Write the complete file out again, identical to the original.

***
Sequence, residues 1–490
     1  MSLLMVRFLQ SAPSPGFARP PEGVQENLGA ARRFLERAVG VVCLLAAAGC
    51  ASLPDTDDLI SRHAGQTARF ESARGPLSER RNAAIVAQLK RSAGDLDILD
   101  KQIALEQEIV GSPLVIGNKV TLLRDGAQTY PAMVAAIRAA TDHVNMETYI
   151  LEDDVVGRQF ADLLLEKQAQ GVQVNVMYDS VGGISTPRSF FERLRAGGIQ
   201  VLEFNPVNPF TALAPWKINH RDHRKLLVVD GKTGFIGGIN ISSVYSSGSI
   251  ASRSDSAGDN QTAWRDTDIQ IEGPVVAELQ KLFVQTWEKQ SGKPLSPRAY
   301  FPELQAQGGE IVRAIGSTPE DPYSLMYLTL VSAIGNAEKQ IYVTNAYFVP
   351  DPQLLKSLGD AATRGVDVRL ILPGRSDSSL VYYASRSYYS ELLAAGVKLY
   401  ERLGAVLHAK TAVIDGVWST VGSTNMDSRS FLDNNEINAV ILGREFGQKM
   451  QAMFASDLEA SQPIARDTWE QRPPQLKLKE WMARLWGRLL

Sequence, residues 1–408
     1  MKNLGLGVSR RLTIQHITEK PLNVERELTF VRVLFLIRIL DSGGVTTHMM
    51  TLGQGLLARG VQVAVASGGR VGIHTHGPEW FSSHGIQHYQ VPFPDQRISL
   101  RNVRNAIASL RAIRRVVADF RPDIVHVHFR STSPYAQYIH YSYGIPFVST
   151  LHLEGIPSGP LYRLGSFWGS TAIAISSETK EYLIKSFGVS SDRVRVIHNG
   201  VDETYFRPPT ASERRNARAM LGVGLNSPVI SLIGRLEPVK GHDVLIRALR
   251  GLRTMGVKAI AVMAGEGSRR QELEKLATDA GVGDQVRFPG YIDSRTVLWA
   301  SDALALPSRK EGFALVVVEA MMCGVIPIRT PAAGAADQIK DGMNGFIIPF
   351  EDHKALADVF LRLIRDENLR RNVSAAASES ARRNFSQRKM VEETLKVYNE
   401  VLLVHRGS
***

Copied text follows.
Sequence, residues 1–490
     1  MSLLMVRFLQ SAPSPGFARP PEGVQENLGA ARRFLERAVG VVCLLAAAGC
    51  ASLPDTDDLI SRHAGQTARF ESARGPLSER RNAAIVAQLK RSAGDLDILD
   101  KQIALEQEIV GSPLVIGNKV TLLRDGAQTY PAMVAAIRAA TDHVNMETYI
   151  LEDDVVGRQF ADLLLEKQAQ GVQVNVMYDS VGGISTPRSF FERLRAGGIQ
   201  VLEFNPVNPF TALAPWKINH RDHRKLLVVD GKTGFIGGIN ISSVYSSGSI
   251  ASRSDSAGDN QTAWRDTDIQ IEGPVVAELQ KLFVQTWEKQ SGKPLSPRAY
   301  FPELQAQGGE IVRAIGSTPE DPYSLMYLTL VSAIGNAEKQ IYVTNAYFVP
   351  DPQLLKSLGD AATRGVDVRL ILPGRSDSSL VYYASRSYYS ELLAAGVKLY
   401  ERLGAVLHAK TAVIDGVWST VGSTNMDSRS FLDNNEINAV ILGREFGQKM
   451  QAMFASDLEA SQPIARDTWE QRPPQLKLKE WMARLWGRLL

Sequence, residues 1–408
     1  MKNLGLGVSR RLTIQHITEK PLNVERELTF VRVLFLIRIL DSGGVTTHMM
    51  TLGQGLLARG VQVAVASGGR VGIHTHGPEW FSSHGIQHYQ VPFPDQRISL
   101  RNVRNAIASL RAIRRVVADF RPDIVHVHFR STSPYAQYIH YSYGIPFVST
   151  LHLEGIPSGP LYRLGSFWGS TAIAISSETK EYLIKSFGVS SDRVRVIHNG
   201  VDETYFRPPT ASERRNARAM LGVGLNSPVI SLIGRLEPVK GHDVLIRALR
   251  GLRTMGVKAI AVMAGEGSRR QELEKLATDA GVGDQVRFPG YIDSRTVLWA
   301  SDALALPSRK EGFALVVVEA MMCGVIPIRT PAAGAADQIK DGMNGFIIPF
   351  EDHKALADVF LRLIRDENLR RNVSAAASES ARRNFSQRKM VEETLKVYNE
   401  VLLVHRGS